My first post here, so hello everybody!
I adhere to the existentialist point of view and, though I was bred a Christian, I've been an agnostic for quite a while now. (ever since I reached the age of reason
I think that the very concept of "purpose" is a human invention - it is artificial and non-existent outside human societies. It's easy to tell: can you picture a walrus contemplating the purpose of life? The only reason we do and other animals do not, is simply that we're smarter. I believe there is no qualitative difference between humans and animals - the difference is quantitative, meaning there's nothing special about us: our intellects are just more evolved.
Another argument in this sense is offered by past experience. Namely, the evolution of humanity from a place of disdainful arrogance (believing the Earth to be the center of the Universe and humans to be the ultimate purpose of Creation itself) to one of enlightened modesty. We now have a vague sense of proportion and we're just coming to realize how utterly insignificant we are in relation to the breadth and complexity of the Universe.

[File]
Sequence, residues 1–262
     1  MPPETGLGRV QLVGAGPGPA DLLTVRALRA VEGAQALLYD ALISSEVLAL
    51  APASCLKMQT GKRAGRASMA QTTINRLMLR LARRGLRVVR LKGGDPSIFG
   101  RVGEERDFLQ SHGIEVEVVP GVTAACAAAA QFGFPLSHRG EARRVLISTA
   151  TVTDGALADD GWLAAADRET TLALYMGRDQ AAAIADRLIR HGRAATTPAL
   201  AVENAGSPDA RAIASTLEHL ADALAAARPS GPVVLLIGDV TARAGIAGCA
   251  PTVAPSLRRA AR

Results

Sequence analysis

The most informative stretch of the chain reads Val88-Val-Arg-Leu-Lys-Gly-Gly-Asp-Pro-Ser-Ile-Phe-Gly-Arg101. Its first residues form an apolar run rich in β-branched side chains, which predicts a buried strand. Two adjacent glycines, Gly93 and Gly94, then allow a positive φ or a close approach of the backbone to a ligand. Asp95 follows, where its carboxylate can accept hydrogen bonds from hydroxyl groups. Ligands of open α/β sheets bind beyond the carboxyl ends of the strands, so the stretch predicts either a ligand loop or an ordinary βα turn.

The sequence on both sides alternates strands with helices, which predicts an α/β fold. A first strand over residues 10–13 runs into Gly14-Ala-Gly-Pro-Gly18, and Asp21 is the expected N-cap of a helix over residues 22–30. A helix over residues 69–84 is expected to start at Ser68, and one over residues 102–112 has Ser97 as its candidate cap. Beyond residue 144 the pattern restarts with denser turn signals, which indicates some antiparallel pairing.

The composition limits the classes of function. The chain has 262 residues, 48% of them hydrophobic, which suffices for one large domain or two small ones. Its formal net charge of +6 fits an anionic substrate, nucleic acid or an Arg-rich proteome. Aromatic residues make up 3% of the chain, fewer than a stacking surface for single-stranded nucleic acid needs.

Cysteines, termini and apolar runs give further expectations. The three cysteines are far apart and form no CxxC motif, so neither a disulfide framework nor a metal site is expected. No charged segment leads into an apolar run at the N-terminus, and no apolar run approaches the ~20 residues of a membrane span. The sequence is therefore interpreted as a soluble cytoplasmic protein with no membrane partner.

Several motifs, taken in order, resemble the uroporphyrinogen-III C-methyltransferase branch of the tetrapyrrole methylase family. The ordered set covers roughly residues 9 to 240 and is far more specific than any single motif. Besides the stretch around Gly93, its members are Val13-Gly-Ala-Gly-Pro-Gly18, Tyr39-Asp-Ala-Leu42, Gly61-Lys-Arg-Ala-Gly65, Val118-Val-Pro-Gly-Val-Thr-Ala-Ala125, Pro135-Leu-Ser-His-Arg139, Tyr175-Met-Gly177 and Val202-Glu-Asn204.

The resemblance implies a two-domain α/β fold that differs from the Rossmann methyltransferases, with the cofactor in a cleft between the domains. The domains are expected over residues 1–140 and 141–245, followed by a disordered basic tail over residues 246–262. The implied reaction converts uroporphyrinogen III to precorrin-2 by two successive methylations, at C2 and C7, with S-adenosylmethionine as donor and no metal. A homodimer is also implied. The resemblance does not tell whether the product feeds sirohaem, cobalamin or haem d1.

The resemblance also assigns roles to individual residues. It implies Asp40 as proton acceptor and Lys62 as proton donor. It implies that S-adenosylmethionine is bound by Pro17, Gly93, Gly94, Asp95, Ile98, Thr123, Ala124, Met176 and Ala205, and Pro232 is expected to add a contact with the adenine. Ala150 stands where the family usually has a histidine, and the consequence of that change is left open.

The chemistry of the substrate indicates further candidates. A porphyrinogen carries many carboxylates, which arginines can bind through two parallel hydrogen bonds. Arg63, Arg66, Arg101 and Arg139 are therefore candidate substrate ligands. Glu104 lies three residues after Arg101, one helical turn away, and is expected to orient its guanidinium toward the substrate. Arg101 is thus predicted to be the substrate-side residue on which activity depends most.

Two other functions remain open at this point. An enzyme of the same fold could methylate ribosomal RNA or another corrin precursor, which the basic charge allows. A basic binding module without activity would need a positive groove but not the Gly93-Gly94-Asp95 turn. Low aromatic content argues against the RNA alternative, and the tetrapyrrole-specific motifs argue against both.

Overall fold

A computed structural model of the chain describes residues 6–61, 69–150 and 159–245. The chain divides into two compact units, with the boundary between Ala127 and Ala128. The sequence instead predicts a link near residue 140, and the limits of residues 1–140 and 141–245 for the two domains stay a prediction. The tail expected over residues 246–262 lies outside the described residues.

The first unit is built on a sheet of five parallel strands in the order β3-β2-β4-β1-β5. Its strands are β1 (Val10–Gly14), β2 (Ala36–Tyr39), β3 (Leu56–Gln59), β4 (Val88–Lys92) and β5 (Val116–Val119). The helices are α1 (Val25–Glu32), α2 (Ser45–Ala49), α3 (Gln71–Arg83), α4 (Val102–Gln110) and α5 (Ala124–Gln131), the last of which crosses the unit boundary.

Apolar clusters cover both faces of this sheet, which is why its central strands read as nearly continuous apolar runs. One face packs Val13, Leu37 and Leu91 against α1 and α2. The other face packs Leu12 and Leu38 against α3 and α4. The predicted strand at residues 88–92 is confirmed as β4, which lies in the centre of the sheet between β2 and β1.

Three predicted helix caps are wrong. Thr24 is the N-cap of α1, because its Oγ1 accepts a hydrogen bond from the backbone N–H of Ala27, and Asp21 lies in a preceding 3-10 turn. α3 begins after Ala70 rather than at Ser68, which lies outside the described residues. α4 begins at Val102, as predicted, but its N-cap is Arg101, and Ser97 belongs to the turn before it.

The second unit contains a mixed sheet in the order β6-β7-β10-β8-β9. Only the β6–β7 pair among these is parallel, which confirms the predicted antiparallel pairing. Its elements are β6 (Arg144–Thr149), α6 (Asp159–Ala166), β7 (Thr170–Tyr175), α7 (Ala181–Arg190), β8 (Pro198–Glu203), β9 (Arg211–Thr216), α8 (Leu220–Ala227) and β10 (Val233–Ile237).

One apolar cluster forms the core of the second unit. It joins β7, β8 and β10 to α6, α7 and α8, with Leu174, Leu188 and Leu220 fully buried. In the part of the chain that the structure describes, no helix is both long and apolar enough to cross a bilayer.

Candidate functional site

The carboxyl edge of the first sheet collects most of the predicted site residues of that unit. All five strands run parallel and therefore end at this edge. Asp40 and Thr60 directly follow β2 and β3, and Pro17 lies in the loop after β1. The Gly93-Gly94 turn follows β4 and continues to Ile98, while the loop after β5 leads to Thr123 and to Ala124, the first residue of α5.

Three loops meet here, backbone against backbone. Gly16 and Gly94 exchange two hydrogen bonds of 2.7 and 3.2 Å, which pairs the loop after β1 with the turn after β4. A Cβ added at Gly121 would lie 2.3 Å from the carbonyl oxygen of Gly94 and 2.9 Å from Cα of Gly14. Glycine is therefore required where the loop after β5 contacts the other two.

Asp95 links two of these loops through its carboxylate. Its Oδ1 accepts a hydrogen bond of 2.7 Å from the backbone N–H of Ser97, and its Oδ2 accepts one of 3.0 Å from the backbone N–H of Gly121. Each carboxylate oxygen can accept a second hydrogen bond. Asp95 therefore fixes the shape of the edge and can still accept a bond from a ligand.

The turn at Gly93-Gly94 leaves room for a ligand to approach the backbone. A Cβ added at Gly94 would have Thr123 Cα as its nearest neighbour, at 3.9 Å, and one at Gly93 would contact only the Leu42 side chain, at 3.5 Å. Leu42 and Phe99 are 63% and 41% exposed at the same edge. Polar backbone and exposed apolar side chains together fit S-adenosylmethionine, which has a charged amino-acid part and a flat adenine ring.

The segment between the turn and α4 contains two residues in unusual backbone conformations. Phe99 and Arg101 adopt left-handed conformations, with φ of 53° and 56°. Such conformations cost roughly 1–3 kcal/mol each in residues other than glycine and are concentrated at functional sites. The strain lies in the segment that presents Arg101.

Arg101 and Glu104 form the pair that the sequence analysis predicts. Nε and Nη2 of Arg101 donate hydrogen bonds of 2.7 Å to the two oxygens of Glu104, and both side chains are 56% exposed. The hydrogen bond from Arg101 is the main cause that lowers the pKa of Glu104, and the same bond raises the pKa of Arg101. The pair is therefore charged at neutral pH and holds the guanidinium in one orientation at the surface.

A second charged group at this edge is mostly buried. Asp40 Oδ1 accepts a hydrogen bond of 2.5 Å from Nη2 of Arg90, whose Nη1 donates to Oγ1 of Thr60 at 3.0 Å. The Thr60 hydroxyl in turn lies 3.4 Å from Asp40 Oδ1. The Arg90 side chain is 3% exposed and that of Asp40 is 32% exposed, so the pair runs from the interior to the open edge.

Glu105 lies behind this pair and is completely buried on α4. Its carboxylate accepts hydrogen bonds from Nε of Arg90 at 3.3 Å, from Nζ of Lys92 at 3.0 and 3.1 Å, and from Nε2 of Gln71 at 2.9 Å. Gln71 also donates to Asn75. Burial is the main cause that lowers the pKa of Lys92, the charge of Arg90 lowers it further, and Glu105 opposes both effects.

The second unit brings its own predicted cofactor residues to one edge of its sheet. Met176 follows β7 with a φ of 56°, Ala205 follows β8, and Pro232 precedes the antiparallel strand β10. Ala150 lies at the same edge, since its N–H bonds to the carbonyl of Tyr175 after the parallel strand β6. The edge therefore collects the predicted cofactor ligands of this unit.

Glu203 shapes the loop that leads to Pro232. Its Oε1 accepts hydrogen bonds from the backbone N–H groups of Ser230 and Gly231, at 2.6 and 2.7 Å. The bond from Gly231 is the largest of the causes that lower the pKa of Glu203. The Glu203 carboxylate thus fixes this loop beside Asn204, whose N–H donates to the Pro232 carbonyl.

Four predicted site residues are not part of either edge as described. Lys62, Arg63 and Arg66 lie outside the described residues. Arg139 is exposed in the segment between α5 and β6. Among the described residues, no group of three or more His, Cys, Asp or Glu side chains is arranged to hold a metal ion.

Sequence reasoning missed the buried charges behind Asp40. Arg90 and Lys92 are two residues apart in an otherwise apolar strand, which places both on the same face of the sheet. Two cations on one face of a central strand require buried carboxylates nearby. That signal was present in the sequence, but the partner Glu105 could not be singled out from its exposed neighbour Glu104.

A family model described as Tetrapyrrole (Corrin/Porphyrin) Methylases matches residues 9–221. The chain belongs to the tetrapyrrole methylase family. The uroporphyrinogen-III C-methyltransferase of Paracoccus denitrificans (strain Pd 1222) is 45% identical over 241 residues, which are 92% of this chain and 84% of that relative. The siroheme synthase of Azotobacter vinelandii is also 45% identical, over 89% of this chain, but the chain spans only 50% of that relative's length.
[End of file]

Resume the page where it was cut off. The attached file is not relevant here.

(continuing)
Knowing what we know today, I think one has to be rather conceited to still believe that there is some great purpose for each individual human life, when even the importance of the human species, of Earth itself, of our galaxy even, is questionable given the immensity of Space.
So I agree with Stephen. We decide our own "purpose" - not to be mistaken for "destiny".
We should seek that which makes us feel happy and fulfilled and avoid that which makes us feel sad and empty. To me, that's the bottom line of our species' plain, meandering existence